Wednesday, June 8, 2016

How we looked at safety devices in explaining the 2015 Crash Facts report


By Steve Elliott / ADOT Communications

In reporting last week that motor vehicle crashes on Arizona's local roads and highways claimed 895 lives in 2015, 121 more than the year before, ADOT highlighted three numbers from the latest Motor Vehicle Crash Facts annual report:
  • 313 of those killed weren’t using a seat belt, child safety device or helmet.
  • 300 of those killed were involved in crashes related to exceeding the speed limit or driving too fast for conditions.
  • 295 of those killed were involved in alcohol-related crashes.
This was in no way ranking one area against another, and we took care to note that more than one of these areas could be a factor in a particular fatal crash.

We broke out these numbers in this way because each area shows how making better decisions can save lives.

You may wonder why we grouped the use of seat belts, child safety devices and helmets rather than considering helmets and vehicle restraints separately. After all, isn't riding a motorcycle very different from operating a vehicle with four wheels?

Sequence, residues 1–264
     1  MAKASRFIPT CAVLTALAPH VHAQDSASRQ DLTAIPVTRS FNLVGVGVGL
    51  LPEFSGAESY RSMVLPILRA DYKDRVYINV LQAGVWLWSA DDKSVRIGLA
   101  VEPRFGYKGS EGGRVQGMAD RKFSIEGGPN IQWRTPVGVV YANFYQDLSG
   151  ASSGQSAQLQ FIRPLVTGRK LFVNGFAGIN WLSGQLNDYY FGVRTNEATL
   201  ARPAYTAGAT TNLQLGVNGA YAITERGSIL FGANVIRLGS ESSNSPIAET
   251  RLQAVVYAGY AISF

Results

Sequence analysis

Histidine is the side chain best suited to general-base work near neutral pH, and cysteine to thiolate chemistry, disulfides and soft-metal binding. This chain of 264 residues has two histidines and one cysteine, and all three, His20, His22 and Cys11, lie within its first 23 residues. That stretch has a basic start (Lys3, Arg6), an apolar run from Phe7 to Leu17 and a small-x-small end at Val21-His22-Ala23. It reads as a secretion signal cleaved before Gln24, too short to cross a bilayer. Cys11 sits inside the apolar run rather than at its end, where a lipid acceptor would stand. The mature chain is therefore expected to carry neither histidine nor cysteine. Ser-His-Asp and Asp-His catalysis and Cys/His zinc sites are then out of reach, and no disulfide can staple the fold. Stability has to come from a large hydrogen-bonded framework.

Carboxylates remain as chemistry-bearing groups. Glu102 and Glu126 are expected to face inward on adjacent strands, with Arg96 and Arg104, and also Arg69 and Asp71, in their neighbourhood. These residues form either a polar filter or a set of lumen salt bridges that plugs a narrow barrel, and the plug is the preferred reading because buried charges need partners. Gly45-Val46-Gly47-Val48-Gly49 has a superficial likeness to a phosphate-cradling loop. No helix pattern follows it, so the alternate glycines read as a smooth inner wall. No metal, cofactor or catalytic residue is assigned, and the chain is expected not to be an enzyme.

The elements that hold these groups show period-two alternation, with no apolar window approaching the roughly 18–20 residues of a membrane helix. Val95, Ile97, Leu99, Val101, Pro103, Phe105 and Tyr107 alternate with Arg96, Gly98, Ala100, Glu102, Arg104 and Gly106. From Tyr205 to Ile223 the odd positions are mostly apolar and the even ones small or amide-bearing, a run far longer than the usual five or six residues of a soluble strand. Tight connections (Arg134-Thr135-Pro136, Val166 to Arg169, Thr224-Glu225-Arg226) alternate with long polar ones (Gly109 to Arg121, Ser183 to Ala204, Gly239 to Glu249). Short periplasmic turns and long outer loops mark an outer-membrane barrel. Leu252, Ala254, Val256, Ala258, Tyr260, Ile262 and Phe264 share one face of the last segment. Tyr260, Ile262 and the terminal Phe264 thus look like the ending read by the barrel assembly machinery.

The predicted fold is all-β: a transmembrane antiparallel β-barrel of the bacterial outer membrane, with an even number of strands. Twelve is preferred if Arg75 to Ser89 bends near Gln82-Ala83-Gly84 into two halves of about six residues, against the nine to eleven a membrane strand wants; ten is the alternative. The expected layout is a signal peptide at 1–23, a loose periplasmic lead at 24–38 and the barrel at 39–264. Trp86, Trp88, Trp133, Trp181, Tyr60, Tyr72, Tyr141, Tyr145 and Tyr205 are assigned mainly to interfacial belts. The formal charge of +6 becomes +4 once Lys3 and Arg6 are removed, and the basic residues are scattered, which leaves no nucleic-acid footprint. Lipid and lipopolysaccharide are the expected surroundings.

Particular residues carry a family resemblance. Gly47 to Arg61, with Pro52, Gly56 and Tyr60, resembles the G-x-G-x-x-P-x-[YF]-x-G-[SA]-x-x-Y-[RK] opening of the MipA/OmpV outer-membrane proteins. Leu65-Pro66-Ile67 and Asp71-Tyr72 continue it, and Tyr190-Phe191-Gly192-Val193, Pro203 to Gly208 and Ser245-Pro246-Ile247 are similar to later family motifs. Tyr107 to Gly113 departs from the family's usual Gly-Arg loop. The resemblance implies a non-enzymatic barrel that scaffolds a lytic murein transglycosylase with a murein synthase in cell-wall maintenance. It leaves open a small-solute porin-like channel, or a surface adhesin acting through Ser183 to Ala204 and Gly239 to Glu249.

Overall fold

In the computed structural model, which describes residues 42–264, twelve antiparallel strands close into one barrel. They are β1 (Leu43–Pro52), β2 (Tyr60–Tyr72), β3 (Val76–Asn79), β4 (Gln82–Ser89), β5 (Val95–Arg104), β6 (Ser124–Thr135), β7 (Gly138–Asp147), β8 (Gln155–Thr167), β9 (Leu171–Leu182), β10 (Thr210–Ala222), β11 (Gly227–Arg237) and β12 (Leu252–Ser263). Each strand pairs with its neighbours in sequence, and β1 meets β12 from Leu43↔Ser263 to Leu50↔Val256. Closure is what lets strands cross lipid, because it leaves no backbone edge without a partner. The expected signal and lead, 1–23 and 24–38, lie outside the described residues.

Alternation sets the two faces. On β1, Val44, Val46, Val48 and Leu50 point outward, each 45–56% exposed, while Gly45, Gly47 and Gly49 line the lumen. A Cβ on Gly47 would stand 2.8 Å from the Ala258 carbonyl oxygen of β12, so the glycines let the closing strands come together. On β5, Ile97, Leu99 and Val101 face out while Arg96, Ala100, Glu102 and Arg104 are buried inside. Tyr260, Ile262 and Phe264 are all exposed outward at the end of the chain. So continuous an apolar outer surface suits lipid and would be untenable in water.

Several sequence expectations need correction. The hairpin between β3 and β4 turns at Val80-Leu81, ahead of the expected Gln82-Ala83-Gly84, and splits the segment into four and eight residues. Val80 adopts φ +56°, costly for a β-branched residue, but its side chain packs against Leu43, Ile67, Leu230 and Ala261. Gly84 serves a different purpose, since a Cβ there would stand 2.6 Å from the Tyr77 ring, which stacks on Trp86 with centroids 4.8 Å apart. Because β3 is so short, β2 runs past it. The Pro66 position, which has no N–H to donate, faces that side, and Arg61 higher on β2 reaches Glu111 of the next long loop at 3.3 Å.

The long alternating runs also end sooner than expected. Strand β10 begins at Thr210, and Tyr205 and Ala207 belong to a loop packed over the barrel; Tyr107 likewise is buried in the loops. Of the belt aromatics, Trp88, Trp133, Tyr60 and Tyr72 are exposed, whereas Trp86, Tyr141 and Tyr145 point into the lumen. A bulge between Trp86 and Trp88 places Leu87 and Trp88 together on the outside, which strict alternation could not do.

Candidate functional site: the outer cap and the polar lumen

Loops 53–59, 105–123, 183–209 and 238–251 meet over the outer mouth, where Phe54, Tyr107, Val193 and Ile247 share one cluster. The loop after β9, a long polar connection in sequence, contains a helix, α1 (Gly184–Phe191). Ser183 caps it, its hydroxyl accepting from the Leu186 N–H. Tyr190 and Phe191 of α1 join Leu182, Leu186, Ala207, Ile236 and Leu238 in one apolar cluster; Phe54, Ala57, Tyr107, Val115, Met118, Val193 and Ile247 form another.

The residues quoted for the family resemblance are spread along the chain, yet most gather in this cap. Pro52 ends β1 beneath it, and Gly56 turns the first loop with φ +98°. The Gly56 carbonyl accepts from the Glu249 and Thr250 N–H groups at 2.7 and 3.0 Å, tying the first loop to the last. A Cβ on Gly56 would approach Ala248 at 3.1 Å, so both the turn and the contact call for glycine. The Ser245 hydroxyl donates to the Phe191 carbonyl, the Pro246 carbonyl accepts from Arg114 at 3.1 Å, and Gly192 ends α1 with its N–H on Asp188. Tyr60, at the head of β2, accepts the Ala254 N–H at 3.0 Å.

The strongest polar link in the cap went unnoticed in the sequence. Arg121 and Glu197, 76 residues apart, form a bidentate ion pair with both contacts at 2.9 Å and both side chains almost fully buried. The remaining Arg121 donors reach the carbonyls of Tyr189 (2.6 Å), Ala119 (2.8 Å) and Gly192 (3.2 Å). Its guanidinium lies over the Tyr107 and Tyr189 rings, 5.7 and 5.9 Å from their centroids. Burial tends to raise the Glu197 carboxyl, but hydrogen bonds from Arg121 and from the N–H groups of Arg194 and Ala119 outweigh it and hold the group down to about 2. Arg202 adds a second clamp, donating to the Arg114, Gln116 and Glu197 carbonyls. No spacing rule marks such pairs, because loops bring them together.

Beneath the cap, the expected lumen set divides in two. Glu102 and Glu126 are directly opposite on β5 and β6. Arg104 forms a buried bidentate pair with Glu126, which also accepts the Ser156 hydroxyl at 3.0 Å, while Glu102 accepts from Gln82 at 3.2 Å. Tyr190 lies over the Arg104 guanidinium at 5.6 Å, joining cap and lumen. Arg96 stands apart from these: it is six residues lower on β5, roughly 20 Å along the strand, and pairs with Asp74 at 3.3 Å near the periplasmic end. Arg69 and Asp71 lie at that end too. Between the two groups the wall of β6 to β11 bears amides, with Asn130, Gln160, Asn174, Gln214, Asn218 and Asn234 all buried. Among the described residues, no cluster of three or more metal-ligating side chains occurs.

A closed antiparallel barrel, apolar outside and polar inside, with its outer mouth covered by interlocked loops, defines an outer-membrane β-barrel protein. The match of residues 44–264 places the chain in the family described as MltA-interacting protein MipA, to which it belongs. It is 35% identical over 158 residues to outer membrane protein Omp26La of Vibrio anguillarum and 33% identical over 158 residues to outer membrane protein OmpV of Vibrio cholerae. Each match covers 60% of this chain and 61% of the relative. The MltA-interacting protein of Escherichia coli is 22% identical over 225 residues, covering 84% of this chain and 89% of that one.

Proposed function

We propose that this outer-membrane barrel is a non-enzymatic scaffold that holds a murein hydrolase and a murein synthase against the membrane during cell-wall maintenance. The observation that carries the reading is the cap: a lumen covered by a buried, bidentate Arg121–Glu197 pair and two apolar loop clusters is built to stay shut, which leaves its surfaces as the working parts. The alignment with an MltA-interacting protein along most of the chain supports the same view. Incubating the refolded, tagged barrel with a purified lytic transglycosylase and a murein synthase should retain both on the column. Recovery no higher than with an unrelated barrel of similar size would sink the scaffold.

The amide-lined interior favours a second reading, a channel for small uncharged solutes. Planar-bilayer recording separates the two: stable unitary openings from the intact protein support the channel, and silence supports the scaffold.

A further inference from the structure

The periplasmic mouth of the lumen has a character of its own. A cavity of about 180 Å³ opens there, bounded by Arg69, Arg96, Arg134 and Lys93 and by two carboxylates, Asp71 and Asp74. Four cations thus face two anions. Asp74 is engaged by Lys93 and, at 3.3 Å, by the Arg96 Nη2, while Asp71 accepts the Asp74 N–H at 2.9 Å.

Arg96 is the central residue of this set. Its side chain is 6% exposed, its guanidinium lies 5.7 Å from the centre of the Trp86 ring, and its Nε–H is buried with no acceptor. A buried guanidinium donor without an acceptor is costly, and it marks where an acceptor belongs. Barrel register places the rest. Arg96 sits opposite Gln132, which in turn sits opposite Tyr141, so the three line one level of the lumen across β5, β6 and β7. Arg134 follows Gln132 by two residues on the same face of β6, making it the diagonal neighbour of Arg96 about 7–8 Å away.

First, here's where the 313 comes from:

For motor vehicles, 195 fatalities involved drivers not wearing seat belts and 57 involved passengers who didn't use seat belts or weren't in child restraints. For motorcycles, 59 operators who were killed weren't wearing helmets and two passengers who were killed weren't wearing helmets.

The reason we considered restraints and helmets together lies in the Crash Facts report, which, among other ways of looking at the data, lists whether those killed or injured were "not using a safety device." That encompasses seat belts, child restraints and helmets.

In presenting the information this way, we're calling attention to the importance of safety devices regardless of how a person gets around. While you can't control decisions other drivers make, such as drinking and driving, using a safety device appropriate to the vehicle you are operating – or one you are riding in or on – can save your life.

Posted by Steve Elliott   |  Labels:  crashes, Crash-Facts, Data, Safety


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